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Baja and the Sea of Cortez

Heading north again
May 3, 2001

Isla_San_Francisco_peak_view (83K)Greetings from Bahia Aqua Verde in the Sea of Cortez where we are sitting out a weather system that is bringing wind gusts to 30 knots here in the anchorage, no sun and no warmth either. I can just hear you all saying, “ Aw, poor babies!” But this is an ideal opportunity to catch you all up on our adventures for the past few weeks.


Caleta_Partida_-_Jan_dragging_dinghy (60K)We are backtracking on our steps a bit, but also discovering some new territory in the Sea of Cortez. We dragged ourselves away from Puerto Vallarta on April 6th after watching many of our friends leave for the Marquesas. At least 50 boats left from Puerto Vallarta, and many more went from Acapulco, Mazatlan, La Paz, San Diego, and so on. The word on the radio nets is that at least 150 boats left to cross the Pacific this year.

Agua_Verde_chapel (82K)It was quite emotional seeing people we had been sailing with for ten months sailing off on The Big Adventure. We have continued to receive emails from them all the way across and listened to them on the radio networks. They have all made it, including our friends Ken and Cathy on one of the slowest boats, Felicity, who made it to Hiva Oa (the first island you come to in French Polynesia) after ‘only’ 25 days at sea (they expected it to take 30 days!). Here is Cathy’s top-ten list of things they were looking forward to after 20 days, with five days still to go before they had any hope of attaining them.

10. Ice cream and cheeseburgers

9. Not having a safety harness as an everyday wardrobe accessory.

8. The end of the daily inspection of rotting, fuzzy, and smelly produce we're trying to keep fresh un-refrigerated in the tropics.

7. Being able to place something on a counter and be relatively secure in the knowledge that it will still be there if you turn away for ten seconds.

6. Sleeping for more than four hours at a time.

5. Having the ability to throw out plastic garbage, instead of washing, drying, and storing it.

4. Being able to walk through the boat without holding on to every handhold like a brachiating chimpanzee.

3. Allowing the bumps and bruises to heal from not religiously adhering to #4.

2. Ability to sit in the head without using advanced Yoga positions to remain stationary and avoid being launched from said position.

1. Dry land

Mexican_Danforth_anchor (82K)



And Jan wonders why I’m not jumping onto the crew list for the Marquesas!!!


Chacala_backyard (116K)So back to our own Little Adventure. Outside of Banderas Bay we spent a few nights anchored off the beach at Chacala. When we were there in December, it was a sleepy little fishing village with a few hundred residents. Someone mentioned at the time that it comes to life during Semana Santa, Holy Week before Easter. Guess when we were there? They were expecting 10,000 people to hit the beach during the holiday weekend. There are no hotels, no paved roads, one tienda (small store) and a couple of palapa restaurants and that is IT. To make up for that lack, each family brings a tent and they build a dense wall-to-wall tent city, tapping into the overhead power lines if necessary. Then to provide food, beach balls, T-shirts and other life necessities, vendors come from miles around to set up small palm thatched structures. They sell everything from roasted corn and chicken to beach sandals, to souvenirs made of shells, to tortillas to toilet paper. Amazing!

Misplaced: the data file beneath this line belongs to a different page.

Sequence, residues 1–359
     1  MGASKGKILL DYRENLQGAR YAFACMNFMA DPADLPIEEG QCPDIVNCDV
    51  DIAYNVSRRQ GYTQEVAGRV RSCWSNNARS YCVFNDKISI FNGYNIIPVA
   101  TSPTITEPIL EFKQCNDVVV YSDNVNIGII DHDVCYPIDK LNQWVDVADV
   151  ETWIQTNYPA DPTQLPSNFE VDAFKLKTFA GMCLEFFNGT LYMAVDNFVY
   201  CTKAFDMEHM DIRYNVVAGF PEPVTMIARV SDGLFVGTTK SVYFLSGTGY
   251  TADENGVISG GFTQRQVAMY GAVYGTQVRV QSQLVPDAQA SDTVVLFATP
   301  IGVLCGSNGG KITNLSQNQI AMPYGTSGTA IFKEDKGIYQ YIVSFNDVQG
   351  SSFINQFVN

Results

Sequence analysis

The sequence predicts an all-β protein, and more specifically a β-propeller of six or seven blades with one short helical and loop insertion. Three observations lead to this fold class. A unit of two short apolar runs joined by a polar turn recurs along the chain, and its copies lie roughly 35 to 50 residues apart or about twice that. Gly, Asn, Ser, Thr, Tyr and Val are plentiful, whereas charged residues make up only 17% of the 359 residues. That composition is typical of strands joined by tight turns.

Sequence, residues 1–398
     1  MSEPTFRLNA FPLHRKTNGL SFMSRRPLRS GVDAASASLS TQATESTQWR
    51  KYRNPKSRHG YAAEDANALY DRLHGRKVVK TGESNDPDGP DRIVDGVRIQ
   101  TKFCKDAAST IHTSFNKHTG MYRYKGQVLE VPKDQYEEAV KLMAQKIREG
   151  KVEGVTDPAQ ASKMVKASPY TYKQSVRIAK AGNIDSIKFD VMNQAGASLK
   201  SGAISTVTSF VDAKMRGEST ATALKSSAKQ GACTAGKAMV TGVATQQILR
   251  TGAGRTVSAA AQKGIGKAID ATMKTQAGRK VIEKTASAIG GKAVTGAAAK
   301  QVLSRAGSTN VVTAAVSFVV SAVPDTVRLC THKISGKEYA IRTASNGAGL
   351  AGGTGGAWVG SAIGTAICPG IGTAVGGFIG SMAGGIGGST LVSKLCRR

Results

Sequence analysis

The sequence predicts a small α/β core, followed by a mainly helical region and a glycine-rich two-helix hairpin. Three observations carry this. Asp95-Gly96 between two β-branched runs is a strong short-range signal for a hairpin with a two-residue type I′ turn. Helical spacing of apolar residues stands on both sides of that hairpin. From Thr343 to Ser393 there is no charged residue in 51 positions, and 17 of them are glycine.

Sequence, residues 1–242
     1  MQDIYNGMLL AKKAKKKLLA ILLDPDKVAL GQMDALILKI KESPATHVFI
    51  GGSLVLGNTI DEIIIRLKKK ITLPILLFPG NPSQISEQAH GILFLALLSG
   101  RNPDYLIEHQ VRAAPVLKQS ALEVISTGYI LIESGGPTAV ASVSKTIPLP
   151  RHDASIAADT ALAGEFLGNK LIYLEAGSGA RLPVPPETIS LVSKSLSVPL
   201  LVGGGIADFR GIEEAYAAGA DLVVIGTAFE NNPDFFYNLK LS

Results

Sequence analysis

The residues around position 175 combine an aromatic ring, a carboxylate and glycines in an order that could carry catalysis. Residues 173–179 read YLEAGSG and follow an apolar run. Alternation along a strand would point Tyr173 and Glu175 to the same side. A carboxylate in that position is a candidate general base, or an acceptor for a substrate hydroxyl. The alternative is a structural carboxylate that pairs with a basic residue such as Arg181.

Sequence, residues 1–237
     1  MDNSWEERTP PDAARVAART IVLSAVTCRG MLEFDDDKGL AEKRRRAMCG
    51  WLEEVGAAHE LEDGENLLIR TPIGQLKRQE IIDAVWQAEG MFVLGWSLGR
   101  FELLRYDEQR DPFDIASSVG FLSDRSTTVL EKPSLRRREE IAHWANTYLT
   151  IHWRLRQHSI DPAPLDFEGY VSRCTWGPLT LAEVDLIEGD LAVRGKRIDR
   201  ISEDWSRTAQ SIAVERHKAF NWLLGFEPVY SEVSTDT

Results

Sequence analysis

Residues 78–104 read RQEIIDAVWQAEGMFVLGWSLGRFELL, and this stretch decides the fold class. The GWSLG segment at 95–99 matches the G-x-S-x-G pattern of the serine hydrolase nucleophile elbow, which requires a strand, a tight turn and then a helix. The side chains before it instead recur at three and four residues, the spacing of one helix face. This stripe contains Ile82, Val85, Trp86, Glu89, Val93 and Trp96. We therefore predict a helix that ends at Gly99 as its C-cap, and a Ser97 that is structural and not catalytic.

Chacala_surfer_boy (85K)On the beach, all the kids were in the water in big waves that would have made any American mother flinch. Forget lifeguards! Beach vendors had set up shop to provide for the snack craving that was definitely going to hit all those bathers. There were pineapple and mango sellers. They put the mangos on a stick and carve them to look like flowers. The pineapples are cut, hollowed out and filled with drinks. The coconutman whacks off one end of the nut with his machete to get to the liquid,

Chacala_coconut_vendor_1 VideoChacala coconut vendor 1 (358K)

and then he gives the customer a straw to drink it. 

Chacala_coconut_vendor_2 VideoChacala coconut vendor 2 (443K)

When that is finished, he cuts into the inner meat and puts the pieces of coconut meat into a baggie with salt, lime juice and chili pepper. We always think of coconut meat being sweet. They serve it piquin or spicy. Actually, it was quite tasty that way. Next we watched the candy and nut seller trundle his cargo down the beach in an orange wheelbarrow. Farther down Chacala_beach_bar (103K) the beach, some teenagers had set up an impromptu dance club. If you think US teens have raging hormones, it is even more overt in Mexico. We just had to sit at a beach palapa with a Corona and watch it all happening.

San Blas and Isla Isabela

Ever northward, we pushed on to San Blas, a new harbor for us. We had avoided it before due to rumors of biting bugs and a complicated check in process with the port captain. We avoided the Capitania by staying less than 24 hours. We foiled the bugs by putting up all our screens, sealing all the Dorade vents with rags, and staying “locked down” after the sun set. Not a very exciting way to go, but those “no-see-‘ems” are vicious. One cruiser took his dog ashore for a few minutes and got 68 bug bites. Yow!

We made a brief, rolly stop at Isla Isabella, the nature preserve we had explored last fall. The seas were too wild to go ashore, but we did have the added adventure of having the local fishermen surround our boat with their nightly set of nets. After a short discussion and gifts of cervezas, we got the idea across that we would be leaving early the next morning. “No problema, amigo!” said the pescadero. And there wasn’t. The cerveza and friendly discussion had worked. The floats, nets, and anchors made of rebar were all gone by the time we woke up at 6 a.m. The Mexicans are great!